Even on a chilly December day, the beautiful Rhine Riverwalk is bustling with people, food, and plenty of river tour opportunities. Just minutes ( and steps down) from the Cathedral, the Rhine offers unparalleled views of the skyline and the busy waterway. You can literally walk until you drop in either direction.
Sure, anytime of year is good to visit this magnificent architectural wonder, but Christmas, doubly so with endless markets surrounding the cathedral area. The cathedral is the largest twin-spired church in the world and claims to contain the bones of the Magi. Entry is free but give yourself about 2 hours to tour the entire cathedral, 3 if you dare to climb the spires!
Just outside Cologne, in Bergisch Gladbach you can find the most beautiful forest to spend the day, or as we did, days exploring. Just 20 minutes by Bahn from Cologne’s city center, Königsforst, at over 2,500 hectares, is trail after trail of forest walks, perfect for human and dog!
No matter your Christmas ornament needs, German Christmas markets can probably fill them, even if your needs include animal nesting dolls…
Bergisch Gladbach Hikes
Line 1 from Cologne will take you to Lusteheide Haltestelle, and a few minutes walk leads you to this, the woodland walks that lead to Königsforst. Chelsea dragged us here daily, through fallen leaves, gentle streams, and after the occasional squirrel…
Local Christmas Markets
The big cities offer the big markets, and they;’re all wonderful, but take some time to enjoy the local, comparatively smaller markets where friends gather to drink, eat, and let the kids play after a long day. You won’t regret taking in the quaint markets and may even meet a new friend!
Cologne City View
The Dom dominates the skyline but it is not void of other sights. Charmingly situated along the Rhine, Cologne is full of first rate museums, the largest shopping area in all of Germany (Schildergasse), and many smaller churches with rich histories.
Fall in the Forst
Sure, it’s beautiful any time of year, but we particularly loved crunching through the deciduous leaves of Königsforst. In fact, we’d love to go back for each season, just to make the comparison (and get a few lovely hikes in).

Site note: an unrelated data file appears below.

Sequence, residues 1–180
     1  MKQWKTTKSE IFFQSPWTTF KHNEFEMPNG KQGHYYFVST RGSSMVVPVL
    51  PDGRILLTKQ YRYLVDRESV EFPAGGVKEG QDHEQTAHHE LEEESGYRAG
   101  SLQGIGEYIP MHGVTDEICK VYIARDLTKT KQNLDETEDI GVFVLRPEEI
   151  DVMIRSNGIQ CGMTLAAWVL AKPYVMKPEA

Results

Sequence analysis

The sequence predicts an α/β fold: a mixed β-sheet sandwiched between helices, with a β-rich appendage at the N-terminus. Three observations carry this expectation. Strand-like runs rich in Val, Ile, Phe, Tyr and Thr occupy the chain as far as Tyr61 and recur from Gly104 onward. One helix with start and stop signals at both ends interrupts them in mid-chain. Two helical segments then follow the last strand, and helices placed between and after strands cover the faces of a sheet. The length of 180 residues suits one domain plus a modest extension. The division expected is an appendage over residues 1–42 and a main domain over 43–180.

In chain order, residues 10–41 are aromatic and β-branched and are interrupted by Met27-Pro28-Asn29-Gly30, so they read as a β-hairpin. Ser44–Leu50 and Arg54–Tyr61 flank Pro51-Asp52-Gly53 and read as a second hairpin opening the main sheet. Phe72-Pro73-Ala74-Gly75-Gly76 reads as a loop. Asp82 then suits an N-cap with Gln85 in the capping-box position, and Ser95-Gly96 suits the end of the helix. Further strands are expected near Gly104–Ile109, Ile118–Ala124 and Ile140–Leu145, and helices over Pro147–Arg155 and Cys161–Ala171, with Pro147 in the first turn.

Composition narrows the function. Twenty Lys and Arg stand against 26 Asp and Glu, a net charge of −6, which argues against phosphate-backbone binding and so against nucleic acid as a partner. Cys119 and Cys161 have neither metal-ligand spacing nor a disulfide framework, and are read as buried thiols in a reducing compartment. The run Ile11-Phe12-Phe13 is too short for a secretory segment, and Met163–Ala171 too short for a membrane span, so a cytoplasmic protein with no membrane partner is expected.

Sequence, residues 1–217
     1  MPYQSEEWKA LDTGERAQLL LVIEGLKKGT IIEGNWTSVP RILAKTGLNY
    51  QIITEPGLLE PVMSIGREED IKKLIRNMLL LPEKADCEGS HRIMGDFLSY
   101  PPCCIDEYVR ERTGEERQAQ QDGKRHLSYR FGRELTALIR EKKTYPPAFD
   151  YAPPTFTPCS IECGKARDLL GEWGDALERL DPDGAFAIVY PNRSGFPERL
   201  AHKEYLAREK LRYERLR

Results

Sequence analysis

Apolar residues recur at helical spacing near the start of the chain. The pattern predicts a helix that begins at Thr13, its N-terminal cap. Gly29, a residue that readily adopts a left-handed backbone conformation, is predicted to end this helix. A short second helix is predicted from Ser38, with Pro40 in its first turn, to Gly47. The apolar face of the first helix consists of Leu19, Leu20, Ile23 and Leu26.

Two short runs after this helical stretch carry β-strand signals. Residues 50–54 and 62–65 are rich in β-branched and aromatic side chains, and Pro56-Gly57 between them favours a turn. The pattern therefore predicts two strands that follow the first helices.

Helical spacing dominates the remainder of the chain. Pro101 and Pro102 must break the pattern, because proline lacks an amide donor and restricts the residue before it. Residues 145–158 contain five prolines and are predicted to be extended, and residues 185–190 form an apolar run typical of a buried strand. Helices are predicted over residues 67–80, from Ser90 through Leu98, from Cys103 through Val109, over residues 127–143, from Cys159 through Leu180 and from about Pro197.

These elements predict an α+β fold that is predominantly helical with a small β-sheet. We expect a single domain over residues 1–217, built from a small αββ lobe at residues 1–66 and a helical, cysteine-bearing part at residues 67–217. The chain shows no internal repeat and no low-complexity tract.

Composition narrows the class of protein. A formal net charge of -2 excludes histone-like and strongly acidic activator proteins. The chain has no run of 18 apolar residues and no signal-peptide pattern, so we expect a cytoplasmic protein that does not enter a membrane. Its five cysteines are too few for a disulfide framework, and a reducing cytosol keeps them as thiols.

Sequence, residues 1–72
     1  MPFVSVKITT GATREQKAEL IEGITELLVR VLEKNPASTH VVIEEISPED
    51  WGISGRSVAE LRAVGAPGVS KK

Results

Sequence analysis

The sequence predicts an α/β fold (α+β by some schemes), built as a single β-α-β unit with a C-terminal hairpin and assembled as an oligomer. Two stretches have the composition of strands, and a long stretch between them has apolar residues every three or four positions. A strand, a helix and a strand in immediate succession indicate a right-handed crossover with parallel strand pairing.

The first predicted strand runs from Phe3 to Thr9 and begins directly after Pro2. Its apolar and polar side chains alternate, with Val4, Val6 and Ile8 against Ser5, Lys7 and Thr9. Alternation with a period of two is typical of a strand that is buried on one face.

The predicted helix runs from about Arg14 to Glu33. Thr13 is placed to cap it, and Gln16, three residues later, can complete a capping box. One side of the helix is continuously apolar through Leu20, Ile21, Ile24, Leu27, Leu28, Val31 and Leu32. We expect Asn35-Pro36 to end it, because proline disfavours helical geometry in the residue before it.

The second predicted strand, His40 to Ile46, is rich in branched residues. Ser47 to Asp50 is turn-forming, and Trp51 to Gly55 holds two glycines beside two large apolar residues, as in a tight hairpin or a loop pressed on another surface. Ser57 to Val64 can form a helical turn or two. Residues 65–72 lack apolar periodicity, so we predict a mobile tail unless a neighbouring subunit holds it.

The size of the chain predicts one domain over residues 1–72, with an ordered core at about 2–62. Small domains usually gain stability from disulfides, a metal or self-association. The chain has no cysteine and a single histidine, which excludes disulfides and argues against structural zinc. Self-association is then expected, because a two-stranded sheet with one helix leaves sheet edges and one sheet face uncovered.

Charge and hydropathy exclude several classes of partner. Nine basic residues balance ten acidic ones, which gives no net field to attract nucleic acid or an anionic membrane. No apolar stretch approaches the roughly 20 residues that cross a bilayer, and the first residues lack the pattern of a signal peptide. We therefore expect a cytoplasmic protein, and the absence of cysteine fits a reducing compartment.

Sausages (of course)
What can we say? It’s a country of tubed meats, and who are we not to sample them all? Currywurst, bratwurst, frankfurters, landjäger…we’re getting hungry just thinking about it. But very little beats a perfectly cooked sausage, a bread roll, and a bit of German mustard. Now we’re definitely hungry!
They all just sort of run one into another, but we particularly enjoyed the Weihnachtsmarkt at the Dom. We recommend you leave the pooch at home though, the crowds are endless and packed to the gills with markt goers. Your dog will thank you and you’ll have a much better time without having to worry about your best friend getting stepped or spilled on.
Our first encounter with the wild pigs of Königsforst was, well…a surprise, to say the least. We had no idea and didn’t see the fencing. Turns out, “wild” is in name only, as these lovely pigs are absolutely friendly and come as easily as puppies. Their living area is large, fenced in for their protection, and offers them the ability to live as they always have, in the forest feeling free. And they love to be fed acorns!
It’s small, to be sure, but it is colourful. The Old Town along the Rhine. About 72% of Cologne was destroyed during WWII. The city and this, the Altstadt had to be put back together, piece by piece, and this loving restoration is a testament to humankind’s resilience. Also, it’s cute as heck…
It is a contrast indeed to see ice skaters, polar bears, a giant statue of Friedrich Wilhelm III, but in Heumarkt, anything is possible.
Cologne Cathedral Nave
Construction began on this gothic cathedral in 1248, but a church has occupied this site since the 4th century. During WWII, it suffered 14 aerial hits but it remained standing in an otherwise flattened city. The spires may draw the visitors but the nave, shown here, is the real draw once inside.
It doesn’t get more convenient that Cologne’s Central Station, which is located right next to the Cathedral. About 280,000 passengers pass through here daily, making it the fifth busiest station in Germany. That translates to lots of connections to the rest of the country as well as a plethora of international destinations. It’s also a terrific place for people watching!
One can’t write about Cologne without mentioning Kölsch. Sweet nectar from the beer gods, Kölsch is brewed exclusively in Cologne, which makes it ubiquitous. Though many brands exist, the brewing process is the same, and what makes Kölsch so special. It is unusual because although it is warm fermented with ale yeast, it is then conditioned at cold temperatures like a lager. Because Kölsch loses its white head much quicker than many beers, it is served in a tall, cylindrical glass like this one. Prost!